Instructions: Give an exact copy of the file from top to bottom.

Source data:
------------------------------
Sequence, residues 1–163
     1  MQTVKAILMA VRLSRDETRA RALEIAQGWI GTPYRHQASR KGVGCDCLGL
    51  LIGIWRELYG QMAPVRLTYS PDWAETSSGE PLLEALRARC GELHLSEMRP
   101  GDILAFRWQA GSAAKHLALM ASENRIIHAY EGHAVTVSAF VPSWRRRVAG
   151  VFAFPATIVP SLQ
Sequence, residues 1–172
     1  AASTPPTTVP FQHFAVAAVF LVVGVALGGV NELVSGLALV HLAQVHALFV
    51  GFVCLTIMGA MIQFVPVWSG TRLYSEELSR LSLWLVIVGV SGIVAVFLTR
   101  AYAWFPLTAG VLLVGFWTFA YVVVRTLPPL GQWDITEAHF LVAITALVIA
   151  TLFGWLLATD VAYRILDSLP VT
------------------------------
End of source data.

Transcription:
Sequence, residues 1–163
     1  MQTVKAILMA VRLSRDETRA RALEIAQGWI GTPYRHQASR KGVGCDCLGL
    51  LIGIWRELYG QMAPVRLTYS PDWAETSSGE PLLEALRARC GELHLSEMRP
   101  GDILAFRWQA GSAAKHLALM ASENRIIHAY EGHAVTVSAF VPSWRRRVAG
   151  VFAFPATIVP SLQ
Sequence, residues 1–172
     1  AASTPPTTVP FQHFAVAAVF LVVGVALGGV NELVSGLALV HLAQVHALFV
    51  GFVCLTIMGA MIQFVPVWSG TRLYSEELSR LSLWLVIVGV SGIVAVFLTR
   101  AYAWFPLTAG VLLVGFWTFA YVVVRTLPPL GQWDITEAHF LVAITALVIA
   151  TLFGWLLATD VAYRILDSLP VT